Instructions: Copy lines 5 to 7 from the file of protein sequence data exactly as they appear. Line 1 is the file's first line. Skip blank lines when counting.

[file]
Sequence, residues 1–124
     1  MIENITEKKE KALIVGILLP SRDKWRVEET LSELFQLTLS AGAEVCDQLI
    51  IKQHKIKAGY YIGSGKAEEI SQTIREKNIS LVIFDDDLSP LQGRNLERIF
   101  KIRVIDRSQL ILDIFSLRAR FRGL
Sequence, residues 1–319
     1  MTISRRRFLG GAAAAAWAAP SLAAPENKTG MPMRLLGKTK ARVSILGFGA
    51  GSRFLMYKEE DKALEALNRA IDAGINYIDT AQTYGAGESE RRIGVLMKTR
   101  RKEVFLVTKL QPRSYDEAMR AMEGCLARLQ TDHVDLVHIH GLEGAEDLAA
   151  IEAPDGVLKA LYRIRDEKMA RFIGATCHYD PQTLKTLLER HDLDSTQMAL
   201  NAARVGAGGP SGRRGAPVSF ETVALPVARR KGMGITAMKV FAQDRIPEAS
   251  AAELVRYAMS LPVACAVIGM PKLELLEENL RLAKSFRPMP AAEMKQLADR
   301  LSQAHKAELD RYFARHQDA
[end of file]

Sequence, residues 1–319
     1  MTISRRRFLG GAAAAAWAAP SLAAPENKTG MPMRLLGKTK ARVSILGFGA
    51  GSRFLMYKEE DKALEALNRA IDAGINYIDT AQTYGAGESE RRIGVLMKTR